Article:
Temple's stadium is far from the red zone

Fans cheer on the Temple Owls football team.

Temple University has quite a bit of work to do if it wants to build a football stadium on campus, says Philadelphia City Council President Darrell L. Clarke.

In other words, the Owls aren't in the red zone.

"At some point, it probably will require a significant amount of city support, and at this point, that's not there," he said.

His comments came one day after Temple president Neil D. Theobald told student government leaders that he intended to recommend to the university's board of trustees that the school proceed with plans for a stadium.

For starters, the university should work on solving noise, trash, and parking problems associated with students living in its North Philadelphia neighborhood, Clarke said. And the university must build major community support for a stadium, which constitutes "significant development in the middle of a neighborhood," he said.

Temple board chairman Patrick O'Connor said university officials understand the need for the community's support and are working on the issue.

"We want to work with the community so we have adequate space for the stadium," he said. "Until we get the go-ahead, Temple will pursue the stadium but not with any substantial outlay" of money.

Trustees at a 3:30 p.m. Monday meeting will consider whether to give the project conceptual approval with conditions, O'Connor said. Those conditions include raising enough money from donors, securing city approvals, and reasonable cost.

"It's got to be a benefit and an add-on to the community in which we live and it has to make economic sense for us to do it," he said, noting it won't be financed through tuition dollars.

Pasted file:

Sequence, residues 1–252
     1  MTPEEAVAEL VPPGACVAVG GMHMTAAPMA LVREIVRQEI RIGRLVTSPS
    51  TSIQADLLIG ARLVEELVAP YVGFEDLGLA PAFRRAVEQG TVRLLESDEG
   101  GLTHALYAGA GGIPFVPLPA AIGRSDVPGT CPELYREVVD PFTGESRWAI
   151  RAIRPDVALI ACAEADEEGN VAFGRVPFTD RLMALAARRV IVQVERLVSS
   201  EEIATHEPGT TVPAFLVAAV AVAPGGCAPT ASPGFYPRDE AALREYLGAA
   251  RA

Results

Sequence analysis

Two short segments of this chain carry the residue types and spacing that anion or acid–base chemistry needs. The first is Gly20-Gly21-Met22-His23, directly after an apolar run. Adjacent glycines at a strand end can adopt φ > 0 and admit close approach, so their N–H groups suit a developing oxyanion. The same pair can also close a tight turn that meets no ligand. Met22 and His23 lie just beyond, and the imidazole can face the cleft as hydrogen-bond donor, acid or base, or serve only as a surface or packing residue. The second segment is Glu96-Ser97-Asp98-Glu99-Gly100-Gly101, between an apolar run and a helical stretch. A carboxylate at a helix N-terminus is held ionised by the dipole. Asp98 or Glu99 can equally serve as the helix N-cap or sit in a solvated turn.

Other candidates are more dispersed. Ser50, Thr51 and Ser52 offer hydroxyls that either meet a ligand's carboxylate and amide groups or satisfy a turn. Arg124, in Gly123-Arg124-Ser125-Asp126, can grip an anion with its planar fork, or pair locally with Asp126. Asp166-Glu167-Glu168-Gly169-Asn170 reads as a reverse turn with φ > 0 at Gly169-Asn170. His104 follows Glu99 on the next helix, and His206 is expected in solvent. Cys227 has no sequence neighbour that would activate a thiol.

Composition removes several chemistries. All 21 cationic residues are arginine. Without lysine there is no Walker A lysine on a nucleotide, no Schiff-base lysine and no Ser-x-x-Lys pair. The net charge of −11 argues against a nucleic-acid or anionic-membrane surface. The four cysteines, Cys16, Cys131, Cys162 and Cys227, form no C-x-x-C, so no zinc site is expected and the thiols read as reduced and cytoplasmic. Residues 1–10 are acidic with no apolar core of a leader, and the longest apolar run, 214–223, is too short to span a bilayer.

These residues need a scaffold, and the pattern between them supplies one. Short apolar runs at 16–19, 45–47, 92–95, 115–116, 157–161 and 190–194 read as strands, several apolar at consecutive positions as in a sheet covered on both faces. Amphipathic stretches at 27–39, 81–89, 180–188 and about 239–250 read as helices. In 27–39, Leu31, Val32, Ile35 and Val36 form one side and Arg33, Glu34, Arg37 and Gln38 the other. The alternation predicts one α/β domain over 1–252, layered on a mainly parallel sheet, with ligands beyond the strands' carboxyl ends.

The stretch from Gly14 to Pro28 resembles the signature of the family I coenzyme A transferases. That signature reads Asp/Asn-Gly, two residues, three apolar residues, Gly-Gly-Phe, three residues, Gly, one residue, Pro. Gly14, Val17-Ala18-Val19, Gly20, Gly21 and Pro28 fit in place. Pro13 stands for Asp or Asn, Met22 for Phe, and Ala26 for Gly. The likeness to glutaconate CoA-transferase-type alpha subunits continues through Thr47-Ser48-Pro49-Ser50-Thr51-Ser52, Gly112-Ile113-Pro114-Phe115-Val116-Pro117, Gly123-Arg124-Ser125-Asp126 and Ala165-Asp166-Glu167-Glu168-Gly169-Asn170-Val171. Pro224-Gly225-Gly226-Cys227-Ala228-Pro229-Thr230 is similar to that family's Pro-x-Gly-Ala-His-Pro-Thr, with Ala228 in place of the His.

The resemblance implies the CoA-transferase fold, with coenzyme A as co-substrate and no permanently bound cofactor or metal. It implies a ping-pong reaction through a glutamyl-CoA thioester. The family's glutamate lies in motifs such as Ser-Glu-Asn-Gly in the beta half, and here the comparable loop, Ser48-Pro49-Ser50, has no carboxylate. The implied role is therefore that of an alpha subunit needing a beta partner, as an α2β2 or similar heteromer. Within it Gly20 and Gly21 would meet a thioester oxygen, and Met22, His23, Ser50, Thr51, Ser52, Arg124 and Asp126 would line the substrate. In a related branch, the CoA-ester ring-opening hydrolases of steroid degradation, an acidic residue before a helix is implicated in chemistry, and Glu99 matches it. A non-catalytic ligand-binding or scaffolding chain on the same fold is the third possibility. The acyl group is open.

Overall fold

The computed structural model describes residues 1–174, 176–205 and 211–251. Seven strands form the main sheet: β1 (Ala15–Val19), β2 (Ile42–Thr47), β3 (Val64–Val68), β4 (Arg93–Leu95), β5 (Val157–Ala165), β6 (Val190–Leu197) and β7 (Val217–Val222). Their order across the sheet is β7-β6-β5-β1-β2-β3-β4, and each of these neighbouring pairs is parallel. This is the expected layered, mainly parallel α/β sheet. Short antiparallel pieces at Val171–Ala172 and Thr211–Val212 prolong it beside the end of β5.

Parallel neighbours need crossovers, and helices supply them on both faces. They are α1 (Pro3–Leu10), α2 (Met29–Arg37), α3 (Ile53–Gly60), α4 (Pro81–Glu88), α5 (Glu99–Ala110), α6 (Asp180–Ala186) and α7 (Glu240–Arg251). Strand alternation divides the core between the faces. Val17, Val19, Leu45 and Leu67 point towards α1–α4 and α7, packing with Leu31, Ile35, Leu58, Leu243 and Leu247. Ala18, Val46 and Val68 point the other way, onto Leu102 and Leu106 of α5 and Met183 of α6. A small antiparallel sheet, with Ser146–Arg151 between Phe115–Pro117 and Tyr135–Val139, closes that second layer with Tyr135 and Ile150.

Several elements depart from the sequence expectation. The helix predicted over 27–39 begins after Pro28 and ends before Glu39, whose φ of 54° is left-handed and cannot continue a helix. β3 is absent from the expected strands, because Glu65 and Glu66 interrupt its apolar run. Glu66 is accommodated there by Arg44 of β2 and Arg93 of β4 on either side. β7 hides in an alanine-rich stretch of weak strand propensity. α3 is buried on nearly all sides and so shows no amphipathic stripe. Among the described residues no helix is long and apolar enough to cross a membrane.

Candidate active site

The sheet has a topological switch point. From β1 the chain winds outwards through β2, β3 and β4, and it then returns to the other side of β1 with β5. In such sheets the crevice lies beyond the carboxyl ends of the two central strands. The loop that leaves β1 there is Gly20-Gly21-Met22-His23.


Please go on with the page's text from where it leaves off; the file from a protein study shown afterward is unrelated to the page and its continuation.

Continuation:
Initial projections call for a 35,000-seat stadium in the northwest corner of campus. Price tag: $100 million.

The stadium complex, he said, would be for more than just football. It could have various community uses, including rallies, speeches, concerts, and other sporting events. Some type of retail would be included.

Temple also would like to dedicate a space across the street from the stadium for an alumni center, he said. He said he is hoping that alumni will step up and donate to the stadium.

Also under consideration is some type of health-care service for the community, he said.

Clarke wasn't won over.

"They should do that anyway," he said, "regardless of a stadium."

Temple began exploring a stadium on campus because renting Lincoln Financial Field has become too expensive. Mayor Kenney also has expressed frustration over the cost of the arrangement with the Eagles. He met with university officials in December, and his objections led the board to delay a vote on proceeding with the project.

"He asked them to include the community in the decision-making process," said Kenney spokeswoman Lauren Hitt, "and if they decided to move ahead with the stadium, to not just minimize negative impact, but to include them in any positive economic impact."

A stadium could be a hard sell for some neighbors, including Cassandra Knight, who lives on Arlington Street, near 17th and Norris Streets, and said she works at Temple in housekeeping.

"It won't be a benefit to us," she said, asserting that Temple already crowds the neighborhood. "Where are you going to put a parking lot? And here come the tailgate parties. They're already taking over" everything.


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